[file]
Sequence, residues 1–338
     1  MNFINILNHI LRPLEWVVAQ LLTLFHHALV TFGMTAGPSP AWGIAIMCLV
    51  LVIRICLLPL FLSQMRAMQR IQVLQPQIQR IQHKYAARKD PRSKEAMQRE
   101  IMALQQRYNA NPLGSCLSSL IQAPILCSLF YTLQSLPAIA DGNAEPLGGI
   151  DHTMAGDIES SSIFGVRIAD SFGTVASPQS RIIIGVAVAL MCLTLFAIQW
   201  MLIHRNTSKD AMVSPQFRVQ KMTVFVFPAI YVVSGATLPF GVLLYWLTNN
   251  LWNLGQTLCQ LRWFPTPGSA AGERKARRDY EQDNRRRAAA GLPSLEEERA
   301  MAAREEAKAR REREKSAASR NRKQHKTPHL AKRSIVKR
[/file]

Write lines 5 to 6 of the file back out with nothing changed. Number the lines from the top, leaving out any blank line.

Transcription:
   151  DHTMAGDIES SSIFGVRIAD SFGTVASPQS RIIIGVAVAL MCLTLFAIQW
   201  MLIHRNTSKD AMVSPQFRVQ KMTVFVFPAI YVVSGATLPF GVLLYWLTNN